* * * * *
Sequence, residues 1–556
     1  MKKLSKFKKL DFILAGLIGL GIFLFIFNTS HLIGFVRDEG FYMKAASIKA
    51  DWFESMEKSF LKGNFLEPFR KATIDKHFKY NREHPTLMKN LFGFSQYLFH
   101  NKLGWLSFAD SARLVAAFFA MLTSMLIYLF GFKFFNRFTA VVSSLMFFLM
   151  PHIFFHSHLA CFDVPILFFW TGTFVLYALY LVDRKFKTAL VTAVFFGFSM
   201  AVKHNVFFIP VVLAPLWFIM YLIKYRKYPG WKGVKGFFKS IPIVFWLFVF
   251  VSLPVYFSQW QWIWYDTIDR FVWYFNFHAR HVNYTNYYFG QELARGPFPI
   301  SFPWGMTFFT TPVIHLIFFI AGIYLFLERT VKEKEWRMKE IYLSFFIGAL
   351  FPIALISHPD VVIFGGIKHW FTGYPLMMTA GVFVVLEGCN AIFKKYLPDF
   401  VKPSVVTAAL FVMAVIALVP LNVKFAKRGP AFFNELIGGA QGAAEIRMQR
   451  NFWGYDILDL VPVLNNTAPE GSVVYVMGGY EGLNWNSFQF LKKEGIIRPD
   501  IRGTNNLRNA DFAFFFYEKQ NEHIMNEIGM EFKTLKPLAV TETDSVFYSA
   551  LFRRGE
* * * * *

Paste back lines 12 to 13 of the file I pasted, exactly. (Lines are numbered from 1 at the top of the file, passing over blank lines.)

   501  IRGTNNLRNA DFAFFFYEKQ NEHIMNEIGM EFKTLKPLAV TETDSVFYSA
   551  LFRRGE